For more information, go to the California Department of Education’s website on the GED and click on “Find out more about the GED test in California.” Or call 1-877-392-6433 for information in English or 1-877-450-3276 for information in Spanish.
If you are deciding between getting your GED or getting your high school diploma by taking summer classes, returning to high school, or enrolling in Adult Ed classes, consider the following:
- How many courses do you have to take to be eligible for a diploma? If that number is high, you might prefer taking the GED because it will take less time.
- How old are you? The GED may be more appropriate if you are 20 or older and have been out of school for a while.
- Some employers require or prefer the high school diploma to the GED.
I need to support myself. Are there any programs that provide a salary or financial support while I’m studying for my high school diploma or GED?
Some organizations offer help to students to get their high school diploma or GED and a salary as well.
Students who join Job Corps, a federal program, are paid a monthly allowance. Job Corps helps you learn a trade at the same time you are getting a high school diploma or GED. It also helps its graduates find jobs. This is a competitive program, and admission is not guaranteed. You must be a U.S. citizen to qualify.
To learn more, go to the program’s website or call 1-800-733-JOBS (or 1-800-733-5627). Operators who speak English and Spanish are available 24 hours a day. An operator will provide you with information about the program, refer you to the admissions counselor closest to your home, and mail you an information packet.
You can earn a GED or high school diploma as a member of the California Conservation Corps (CCC), a competitive state program for 18- to 25-year-olds. You also learn life skills and work hard doing fire protection, emergency response or environmental conservation (such as building trails, planting trees or working in a salmon fishery). The CCC pays minimum wage and offers a grant for further education after you successfully complete the program. Some programs provide housing or a chance to travel to another country. Each year, the CCC participates in a work exchange with Conservation Volunteers Australia. For more details, go to the program’s website, or you can call 1-800-952-JOBS (or 1-800-952-5627) to get information in English and Spanish.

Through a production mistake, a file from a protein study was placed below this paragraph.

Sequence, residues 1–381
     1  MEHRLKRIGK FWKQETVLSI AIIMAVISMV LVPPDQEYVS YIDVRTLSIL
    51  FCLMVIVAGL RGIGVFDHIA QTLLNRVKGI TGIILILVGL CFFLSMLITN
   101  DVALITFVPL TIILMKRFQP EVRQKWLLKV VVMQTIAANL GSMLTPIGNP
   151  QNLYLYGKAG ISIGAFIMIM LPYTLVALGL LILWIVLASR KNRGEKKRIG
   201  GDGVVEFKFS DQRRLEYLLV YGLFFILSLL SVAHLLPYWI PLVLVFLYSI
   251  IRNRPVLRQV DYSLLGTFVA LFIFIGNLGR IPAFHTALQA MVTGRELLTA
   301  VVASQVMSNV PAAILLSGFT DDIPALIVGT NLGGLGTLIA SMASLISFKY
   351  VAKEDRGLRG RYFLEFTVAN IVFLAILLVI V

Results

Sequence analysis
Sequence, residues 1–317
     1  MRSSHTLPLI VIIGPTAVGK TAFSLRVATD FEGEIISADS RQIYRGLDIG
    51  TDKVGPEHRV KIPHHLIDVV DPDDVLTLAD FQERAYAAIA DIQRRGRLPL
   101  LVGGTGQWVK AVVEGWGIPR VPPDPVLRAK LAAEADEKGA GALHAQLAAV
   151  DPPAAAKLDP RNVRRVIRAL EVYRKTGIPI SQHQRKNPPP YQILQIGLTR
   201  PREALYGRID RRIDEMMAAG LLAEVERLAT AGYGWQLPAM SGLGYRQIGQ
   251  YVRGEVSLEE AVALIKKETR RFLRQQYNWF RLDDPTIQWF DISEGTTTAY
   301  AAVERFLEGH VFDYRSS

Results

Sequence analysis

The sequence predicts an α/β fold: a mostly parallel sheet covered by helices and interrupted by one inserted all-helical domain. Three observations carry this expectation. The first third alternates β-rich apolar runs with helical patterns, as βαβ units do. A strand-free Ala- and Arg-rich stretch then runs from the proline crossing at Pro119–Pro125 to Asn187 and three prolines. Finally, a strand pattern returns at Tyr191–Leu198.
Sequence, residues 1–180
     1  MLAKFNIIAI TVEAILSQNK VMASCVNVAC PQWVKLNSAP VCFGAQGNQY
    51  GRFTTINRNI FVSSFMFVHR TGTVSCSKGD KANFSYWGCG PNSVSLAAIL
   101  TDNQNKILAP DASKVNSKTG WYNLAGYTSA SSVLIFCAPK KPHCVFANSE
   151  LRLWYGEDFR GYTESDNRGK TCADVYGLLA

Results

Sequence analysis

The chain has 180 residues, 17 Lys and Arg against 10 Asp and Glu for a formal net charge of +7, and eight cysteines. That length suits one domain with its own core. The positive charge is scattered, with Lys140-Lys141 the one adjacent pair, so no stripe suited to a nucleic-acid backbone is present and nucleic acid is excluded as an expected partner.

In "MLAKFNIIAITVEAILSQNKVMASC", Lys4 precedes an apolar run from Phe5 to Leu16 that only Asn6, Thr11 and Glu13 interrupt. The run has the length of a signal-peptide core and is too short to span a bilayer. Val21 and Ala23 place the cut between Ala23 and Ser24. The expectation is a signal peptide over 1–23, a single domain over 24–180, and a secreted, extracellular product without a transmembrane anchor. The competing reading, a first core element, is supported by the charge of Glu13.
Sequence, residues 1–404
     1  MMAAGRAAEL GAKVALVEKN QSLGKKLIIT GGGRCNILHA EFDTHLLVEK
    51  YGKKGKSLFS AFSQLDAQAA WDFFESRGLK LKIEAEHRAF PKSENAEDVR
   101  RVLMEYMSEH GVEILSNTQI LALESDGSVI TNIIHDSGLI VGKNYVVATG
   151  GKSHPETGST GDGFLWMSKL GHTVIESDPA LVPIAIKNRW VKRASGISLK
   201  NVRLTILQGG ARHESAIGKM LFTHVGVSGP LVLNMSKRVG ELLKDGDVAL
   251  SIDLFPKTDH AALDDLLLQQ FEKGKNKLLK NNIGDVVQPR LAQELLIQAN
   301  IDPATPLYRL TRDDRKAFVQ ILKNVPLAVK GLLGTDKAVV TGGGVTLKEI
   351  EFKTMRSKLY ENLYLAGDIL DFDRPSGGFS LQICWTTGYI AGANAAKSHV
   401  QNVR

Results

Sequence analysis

In addition, the state runs a Youth Employment Opportunity Program (YEOP) for 15- to 21-year-olds that offers peer advising, referrals to workshops and job placement assistance. Go to the program’s website for locations of YEOP programs and other information. Or call your local Employment Development Department to find out if there is a YEOP program near you.
Can I enroll in a job-training program before I earn a high school diploma, High School Equivalency Test or GED?
The 74 state-funded regional occupational centers and programs (ROCPs) offer career technical classes – for example, firefighting, carpentry, graphic arts, auto mechanics or health-related careers – to high school students and adults. No diploma or equivalent is required to take the courses, though high school students have priority for enrollment. Each center offers its own set of programs, and many of these centers also offer GED courses.
Go to the ROCP website to find a program near you, or ask your guidance counselor or a teacher.
In addition, there are apprenticeships, which offer on-the-job training in the skilled trades so you can learn to be, for example, a carpenter or electrician. Some apprenticeships require a high school diploma or equivalent, but some do not. To find out more about the minimum requirements for a variety of apprenticeships, check out the California Department of Industrial Relations website.
Do I need a diploma to go to college?
You will need a diploma to go to a four-year college, including public universities like the California State University or the University of California.
However, in California, you only need to be 18 years or older to attend a community college. A high school diploma is not required, though you may have to take remedial courses offered by the college and some majors, such as engineering, may require a GED before you can transfer to a four-year university. The requirements vary by college.
Besides preparing students to be able to transfer to four-year universities, community colleges also provide programs that prepare you for a specific occupation, such as firefighting, carpentry, auto mechanics, graphic arts and nursing. Go to your local college’s career center or admissions office and talk to one of its counselors. Or visit the California Community Colleges Chancellor’s Office website for a statewide list of colleges and their programs.
Can I get financial help to attend a community college?
Check out the website of the Student Aid Commission and click on “Financial Aid Programs,” then click on “Cal Grant Programs.” You can also call 1-888-CA-GRANT (or 1-888-224-7268) for information in English and Spanish to see if you qualify. Also check out the “I can afford college” website, which includes information on how to get a Board of Governors fee waiver. Fee waivers are awarded based on financial need. To qualify in 2016-17, students must have had family incomes for a family of four of $36,375 or less. But there are probably other forms of financial aid that you’re eligible for.